These aren't your garden-variety earthworms.
A stunning video released earlier this month by the Monterey Bay Aquarium Research Institute showcases the incredible diversity of worms found in the undersea world, often thousands of feet below the surface. About 8,000 species of polychaetes (pol-IH-keets) -- cousins of the earthworm -- have been discovered, but many more still swim about unknown to science.
Some burrow in mud on the seafloor, others live in superheated vents, and other species dubbed "zombie worms" even help digest whale skeletons. But some, like the creature below, swim about the open ocean, undulating and moving around with a series of paddle-like fins.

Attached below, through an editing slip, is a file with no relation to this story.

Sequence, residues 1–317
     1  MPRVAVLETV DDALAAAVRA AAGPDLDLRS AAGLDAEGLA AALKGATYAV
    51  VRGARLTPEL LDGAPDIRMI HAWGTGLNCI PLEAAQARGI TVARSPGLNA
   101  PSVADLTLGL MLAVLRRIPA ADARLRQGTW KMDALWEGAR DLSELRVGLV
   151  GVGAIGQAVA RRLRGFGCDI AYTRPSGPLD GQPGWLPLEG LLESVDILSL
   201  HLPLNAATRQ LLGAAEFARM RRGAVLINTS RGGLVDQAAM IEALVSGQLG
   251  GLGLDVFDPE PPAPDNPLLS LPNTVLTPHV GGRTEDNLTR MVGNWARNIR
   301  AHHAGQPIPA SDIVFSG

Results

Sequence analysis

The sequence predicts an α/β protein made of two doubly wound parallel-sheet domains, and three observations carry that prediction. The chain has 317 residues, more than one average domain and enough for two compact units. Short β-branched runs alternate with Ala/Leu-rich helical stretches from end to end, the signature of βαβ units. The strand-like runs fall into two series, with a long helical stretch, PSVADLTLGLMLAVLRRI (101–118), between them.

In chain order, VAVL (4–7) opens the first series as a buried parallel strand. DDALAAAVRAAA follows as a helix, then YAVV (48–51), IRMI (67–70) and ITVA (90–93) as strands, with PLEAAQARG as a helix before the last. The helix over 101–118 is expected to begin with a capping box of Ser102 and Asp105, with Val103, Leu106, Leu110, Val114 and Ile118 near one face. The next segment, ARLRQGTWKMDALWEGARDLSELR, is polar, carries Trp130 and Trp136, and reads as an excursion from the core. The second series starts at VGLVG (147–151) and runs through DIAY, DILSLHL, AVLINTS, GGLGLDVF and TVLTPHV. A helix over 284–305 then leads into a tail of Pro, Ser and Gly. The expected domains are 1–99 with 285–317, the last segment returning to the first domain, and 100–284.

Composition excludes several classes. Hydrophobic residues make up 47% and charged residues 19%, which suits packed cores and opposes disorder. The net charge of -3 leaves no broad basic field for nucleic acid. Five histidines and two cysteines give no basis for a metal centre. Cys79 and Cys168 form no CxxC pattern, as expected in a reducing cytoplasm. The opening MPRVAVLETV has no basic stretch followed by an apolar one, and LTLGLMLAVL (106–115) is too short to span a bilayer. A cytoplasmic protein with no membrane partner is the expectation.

Polychaetes are the most common marine organisms, according to the University of California Museum of Paleontology, and select species can reach upward of 9 feet long. The largest ever found measured a prodigal 200 feet.
Some polychaetes float around and excrete a goo-like web similar to spiders to attract floating bits of food. But other stunning specimens like the dancing bristle worm seen below are active predators, Kyra Schlining, a research technician at the MBARI, says in the video.
"They can also emit a brilliant yellow glow to distract potential predators," Schlining says, which looks a bit like the worms are casting a magic spell.
Take a look at the video at the top of this post to learn more about our stunning deep-sea friends.